One month ago on the first of the year, per usual I found myself contemplating various New Year’s resolutions, specific changes and goals to focus on for the next 12 months.  When I took a step back, I had an epiphany.  Over the years, making discrete goals about how many miles I was going to run, or books I was going to read, had tended to set me up for disappointment.  Usually November hits and I start to fret over the fact that I haven’t “done enough” on my list of aspirational to-dos, that then culminates in a rather pitiful giving up and a concurrent rotten feeling — not the best way to start a new year.

So on 1 January, I tried something different — I decided to make only one resolution, but apply it universally.  Instead of fixating on quotas or things left undone, I embraced a theme: to do better in all things.  Elegant in its simplicity but difficult to achieve, it takes constant effort to be better — and it’s a bar that is continuously raised.  Holding myself accountable on everything from making my best effort at work to remembering to take my contacts out before I go to bed, has required me to focus a little closer on my actions, realize where I take short cuts and make small corrections.  The attendant sense of accomplishment has been very rewarding, indeed.

This month, as we work on creating our most charming life, let us agree to try to be better — with the understanding that there will be days when we don’t quite get there (case in point: the tardiness of today’s post).  As long as we remember to pick ourselves up and try again tomorrow, we are more than halfway to our best ever.

The Quite Continental Charm School
A modern guide to creating a charmed life

Hold Fast. Let Go.

14/11/2012 § 10 Comments

As I mentioned last week, I still have yet to return home due to damages my apartment building suffered during Hurricane Sandy.  I have been removed from my normal routine and neighborhood, but I recognize that compared to some, I have lost very little.  I am very sorry to have been an absentee parent these past few days, and I wanted to let you know that your emails checking in on me have been a particularly bright spot for me in this stretch of time.  Thank you! xo

That said, I have found these past few weeks difficult.  Personally, when I feel like I have a sense of control over things, I feel the most secure.  Having to leave my home has forced me to cede a certain amount of that control, and that has been disconcerting.  But I believe that this also speaks to a larger concept that I have struggled with throughout my life: the concept of letting go – the process of detaching myself from an outcome, a routine, a person, or a relationship that I have invested my time, my money or my heart (or even all three) into.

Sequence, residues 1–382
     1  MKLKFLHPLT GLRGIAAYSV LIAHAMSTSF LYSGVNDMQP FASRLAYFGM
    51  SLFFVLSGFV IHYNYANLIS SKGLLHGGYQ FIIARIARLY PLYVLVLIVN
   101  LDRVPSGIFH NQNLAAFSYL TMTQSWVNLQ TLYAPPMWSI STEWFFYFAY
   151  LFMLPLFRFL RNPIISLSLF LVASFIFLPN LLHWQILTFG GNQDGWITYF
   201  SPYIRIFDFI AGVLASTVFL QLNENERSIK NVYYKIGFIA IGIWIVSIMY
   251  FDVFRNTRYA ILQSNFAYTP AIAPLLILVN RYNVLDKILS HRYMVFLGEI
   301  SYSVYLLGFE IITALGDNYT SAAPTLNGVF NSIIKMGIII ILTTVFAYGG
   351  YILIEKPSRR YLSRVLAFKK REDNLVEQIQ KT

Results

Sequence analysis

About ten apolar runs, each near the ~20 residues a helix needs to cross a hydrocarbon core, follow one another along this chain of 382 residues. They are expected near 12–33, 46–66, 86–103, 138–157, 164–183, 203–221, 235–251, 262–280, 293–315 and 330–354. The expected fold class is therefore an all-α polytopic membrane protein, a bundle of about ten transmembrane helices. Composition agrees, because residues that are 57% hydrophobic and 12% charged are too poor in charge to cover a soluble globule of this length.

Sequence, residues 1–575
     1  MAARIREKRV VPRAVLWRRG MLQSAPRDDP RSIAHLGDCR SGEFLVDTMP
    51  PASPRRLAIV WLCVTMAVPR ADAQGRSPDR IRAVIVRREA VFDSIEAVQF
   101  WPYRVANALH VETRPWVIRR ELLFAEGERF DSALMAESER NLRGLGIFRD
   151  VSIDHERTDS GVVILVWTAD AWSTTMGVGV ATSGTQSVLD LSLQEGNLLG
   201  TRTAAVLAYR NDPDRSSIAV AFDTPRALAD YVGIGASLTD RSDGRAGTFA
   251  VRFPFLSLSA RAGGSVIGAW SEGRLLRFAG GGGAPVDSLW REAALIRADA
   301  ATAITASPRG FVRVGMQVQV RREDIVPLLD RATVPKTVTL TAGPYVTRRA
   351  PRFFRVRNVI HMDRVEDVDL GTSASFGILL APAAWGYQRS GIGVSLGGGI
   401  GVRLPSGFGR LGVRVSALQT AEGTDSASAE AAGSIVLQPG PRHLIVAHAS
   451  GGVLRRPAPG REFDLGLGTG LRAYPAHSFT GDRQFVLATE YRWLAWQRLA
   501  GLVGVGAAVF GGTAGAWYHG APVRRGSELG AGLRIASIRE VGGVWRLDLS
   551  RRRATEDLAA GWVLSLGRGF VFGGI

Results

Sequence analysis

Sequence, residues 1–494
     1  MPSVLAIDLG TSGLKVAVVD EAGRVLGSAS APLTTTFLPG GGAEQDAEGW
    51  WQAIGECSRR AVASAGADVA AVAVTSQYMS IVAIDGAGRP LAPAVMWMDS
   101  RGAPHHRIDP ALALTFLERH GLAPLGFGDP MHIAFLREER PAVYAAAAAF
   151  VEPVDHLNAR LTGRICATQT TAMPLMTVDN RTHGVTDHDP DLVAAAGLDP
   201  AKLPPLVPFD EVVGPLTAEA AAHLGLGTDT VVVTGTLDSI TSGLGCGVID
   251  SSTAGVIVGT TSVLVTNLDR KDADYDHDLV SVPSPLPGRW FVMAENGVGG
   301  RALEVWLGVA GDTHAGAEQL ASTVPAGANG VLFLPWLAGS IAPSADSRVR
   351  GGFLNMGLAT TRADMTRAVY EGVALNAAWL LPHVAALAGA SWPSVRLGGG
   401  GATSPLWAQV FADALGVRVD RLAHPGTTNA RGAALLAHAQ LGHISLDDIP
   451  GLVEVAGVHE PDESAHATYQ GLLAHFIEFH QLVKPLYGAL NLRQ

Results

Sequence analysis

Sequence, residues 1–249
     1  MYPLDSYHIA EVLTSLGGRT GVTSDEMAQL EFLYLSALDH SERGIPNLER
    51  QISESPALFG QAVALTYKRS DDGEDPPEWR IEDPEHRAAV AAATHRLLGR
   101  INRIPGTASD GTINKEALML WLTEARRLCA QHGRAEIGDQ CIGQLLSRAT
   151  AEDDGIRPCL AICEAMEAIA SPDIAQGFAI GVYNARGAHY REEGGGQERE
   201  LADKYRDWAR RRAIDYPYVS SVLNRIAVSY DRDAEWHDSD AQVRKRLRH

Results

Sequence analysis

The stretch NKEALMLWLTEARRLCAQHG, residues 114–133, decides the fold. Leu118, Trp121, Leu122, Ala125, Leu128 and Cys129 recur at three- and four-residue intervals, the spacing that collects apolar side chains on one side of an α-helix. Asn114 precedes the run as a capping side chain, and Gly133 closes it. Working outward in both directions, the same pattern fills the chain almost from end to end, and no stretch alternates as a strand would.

In the early post-Sandy days, I realized that I was hanging on to a lot of frustration at being displaced and also at not being able to do anything about it.  It bled over into other areas of my life, causing me to feel sullen and wanting to retreat – all because I felt like I had lost my sense of control over my living conditions.  That’s it!  I hadn’t really lost anything at all!  Well, maybe aside from a few trips to my local — yet overpriced — bodega.  And maybe my perspective.

So, this past week I have tried my best to keep in mind that this change is only temporary, to trust that I will be home soon, to embrace a new neighborhood and to be very thankful that I have the help of some truly lovely friends.  It isn’t every day that I get the opportunity to step outside my usual box and since I haven’t lived on the Upper East Side since 2008, I’ve spent a lot of time simply walking around the neighborhood.  I’ve thoroughly enjoyed visiting a few of my old favorite places like the Ralph Lauren mansion, Sant Ambroeus and The Frick, discovering new (to me, at least) gems like the Lexington Bar and Books and Creel & Gow, and I actually forced myself to get out and run in Central Park over the beautiful fall weekend we had.  Changing my perspective was hard work, but I’ve been feeling much, much better.

Taking a step back to look at the bigger picture, there is something very, very easy – and very dangerous – in the refusal to let go of negativity.  It’s what a good friend described to me as being “comfortably sad.”  You get comfortable with being sad or frustrated, because you aren’t quite sure what it would feel like to try to let that go and move forward.  If you’re at all like me, that can seem a bit like jumping out of a plane without being completely sure that you’ve got your parachute – and your two backup parachutes, too.  But the thing is, if we hold on to anger or sadness or regret or pain, we prevent ourselves from moving forward.  We prevent growth.